into it, a combination of cracker crumbs, dried bread crumbs, lots of
minced garlic, herbs, some wine and/or fresh lemon juice. Once mixed,
this gets wrapped in plastic, elongated into a cylinder and chilled until
firm. Then, when I'm ready to cook, I preheat the broiler, cut the butter
mixture into rounds and place them on top of each clam. As the butter
mixture melts down, it also bathes the clams as they cook and the crumbs
magically rise to the top and become both golden and crisp. The results
are perfect "baked" clams --that are broiled instead.
For a bit of drama (although not necessary) I usually
cook and serve the clams anchored on a round cast-iron baking pan with
a shallow layer of coarse sea salt underneath them. Individual oven-proof
au gratin dishes are also fun, with our without the salt.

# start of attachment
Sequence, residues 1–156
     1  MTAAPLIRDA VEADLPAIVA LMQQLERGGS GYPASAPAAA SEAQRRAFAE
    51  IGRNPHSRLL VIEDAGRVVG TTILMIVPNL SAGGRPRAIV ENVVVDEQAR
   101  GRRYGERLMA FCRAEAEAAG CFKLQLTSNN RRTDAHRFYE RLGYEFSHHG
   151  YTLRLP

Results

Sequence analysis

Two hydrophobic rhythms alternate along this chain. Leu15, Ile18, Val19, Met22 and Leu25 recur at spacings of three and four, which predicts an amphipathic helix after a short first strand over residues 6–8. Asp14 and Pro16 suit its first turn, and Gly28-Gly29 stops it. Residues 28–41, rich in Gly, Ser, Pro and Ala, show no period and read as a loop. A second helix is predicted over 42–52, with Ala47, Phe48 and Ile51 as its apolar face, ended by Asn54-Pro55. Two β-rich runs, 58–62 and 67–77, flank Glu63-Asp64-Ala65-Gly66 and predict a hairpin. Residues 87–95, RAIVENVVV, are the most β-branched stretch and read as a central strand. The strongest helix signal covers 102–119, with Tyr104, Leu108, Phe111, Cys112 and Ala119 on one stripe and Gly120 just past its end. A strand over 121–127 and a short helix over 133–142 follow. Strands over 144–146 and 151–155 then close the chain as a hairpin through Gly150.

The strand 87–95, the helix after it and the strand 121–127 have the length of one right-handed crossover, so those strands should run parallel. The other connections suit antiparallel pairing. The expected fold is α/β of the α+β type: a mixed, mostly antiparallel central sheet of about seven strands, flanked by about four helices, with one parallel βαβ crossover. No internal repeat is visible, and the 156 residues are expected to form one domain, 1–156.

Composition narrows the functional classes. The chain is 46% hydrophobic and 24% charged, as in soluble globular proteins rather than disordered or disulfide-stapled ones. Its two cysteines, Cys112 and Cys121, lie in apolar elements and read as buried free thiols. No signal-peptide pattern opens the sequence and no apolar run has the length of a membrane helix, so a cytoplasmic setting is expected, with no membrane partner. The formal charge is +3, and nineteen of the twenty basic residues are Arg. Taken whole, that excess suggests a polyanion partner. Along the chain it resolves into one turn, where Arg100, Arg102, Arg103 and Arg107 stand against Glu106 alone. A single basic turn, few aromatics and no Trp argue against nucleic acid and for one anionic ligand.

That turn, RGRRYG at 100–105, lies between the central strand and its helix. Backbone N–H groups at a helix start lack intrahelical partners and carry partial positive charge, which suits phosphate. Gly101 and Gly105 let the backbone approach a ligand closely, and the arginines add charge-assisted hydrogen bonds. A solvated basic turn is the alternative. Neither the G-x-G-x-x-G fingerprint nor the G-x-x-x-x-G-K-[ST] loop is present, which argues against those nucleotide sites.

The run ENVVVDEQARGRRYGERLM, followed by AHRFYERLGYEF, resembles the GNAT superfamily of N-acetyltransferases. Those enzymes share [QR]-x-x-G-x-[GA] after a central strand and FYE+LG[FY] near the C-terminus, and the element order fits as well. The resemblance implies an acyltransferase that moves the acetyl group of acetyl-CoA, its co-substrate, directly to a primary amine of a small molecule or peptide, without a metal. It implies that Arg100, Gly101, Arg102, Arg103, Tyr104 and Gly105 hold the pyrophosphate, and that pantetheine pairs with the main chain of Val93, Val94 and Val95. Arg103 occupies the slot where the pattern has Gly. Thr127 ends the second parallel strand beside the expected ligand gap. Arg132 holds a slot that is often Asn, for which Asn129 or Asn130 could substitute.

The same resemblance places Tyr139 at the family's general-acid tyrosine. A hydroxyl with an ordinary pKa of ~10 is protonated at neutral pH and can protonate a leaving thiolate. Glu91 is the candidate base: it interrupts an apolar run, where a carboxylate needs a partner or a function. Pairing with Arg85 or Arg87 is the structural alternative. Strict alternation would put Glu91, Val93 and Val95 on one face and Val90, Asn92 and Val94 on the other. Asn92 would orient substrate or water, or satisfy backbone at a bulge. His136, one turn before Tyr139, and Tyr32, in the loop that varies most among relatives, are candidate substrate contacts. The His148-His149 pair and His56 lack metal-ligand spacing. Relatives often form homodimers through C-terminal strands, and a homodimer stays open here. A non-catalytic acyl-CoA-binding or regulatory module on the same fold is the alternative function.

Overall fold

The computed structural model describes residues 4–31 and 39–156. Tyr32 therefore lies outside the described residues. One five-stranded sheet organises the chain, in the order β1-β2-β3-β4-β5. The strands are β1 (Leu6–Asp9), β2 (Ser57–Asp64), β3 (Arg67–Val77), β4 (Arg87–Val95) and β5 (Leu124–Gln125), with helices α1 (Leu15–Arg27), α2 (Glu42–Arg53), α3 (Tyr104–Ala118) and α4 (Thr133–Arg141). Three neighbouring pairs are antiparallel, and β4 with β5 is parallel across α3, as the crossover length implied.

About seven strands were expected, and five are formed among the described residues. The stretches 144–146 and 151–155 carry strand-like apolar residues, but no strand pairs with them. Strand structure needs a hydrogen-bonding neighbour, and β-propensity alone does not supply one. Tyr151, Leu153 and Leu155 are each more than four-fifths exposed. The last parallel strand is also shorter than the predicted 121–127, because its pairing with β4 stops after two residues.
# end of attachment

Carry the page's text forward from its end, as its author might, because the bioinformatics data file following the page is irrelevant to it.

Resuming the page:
About shucking clams: Since it can be dangerous to open
hard-shelled clams yourself, I suggest, for safety sake, that you ask
your fish monger to do this for you. Request that the opened clams be
placed on a paper tray filled with a bed of crushed ice and then wrapped
securely. Once home, immediately place the unopened package (as they were
given to you) on the bottom shelf of the refrigerator, which is the coldest
spot, until ready to top the clams and broil.
So, here are the instructions to prepare my personal rendition of this
beloved favorite, Savory Clams, Broiled on a Bed of Sea Salt.
Make them and let me know! Enjoy.
Broiled on a Bed of Sea Salt
Yield: serves 4 to 6
If you love baked clams in restaurants, you'll adore these! My rendition
of this old time favorite uses the broiler instead of the conventional
bake setting on the oven. The raw clams sit, opened and on their half
shell, perched on a bed of sea salt and topped with a truly savory compound
butter. If desired, you can use raw rice under the clams instead of the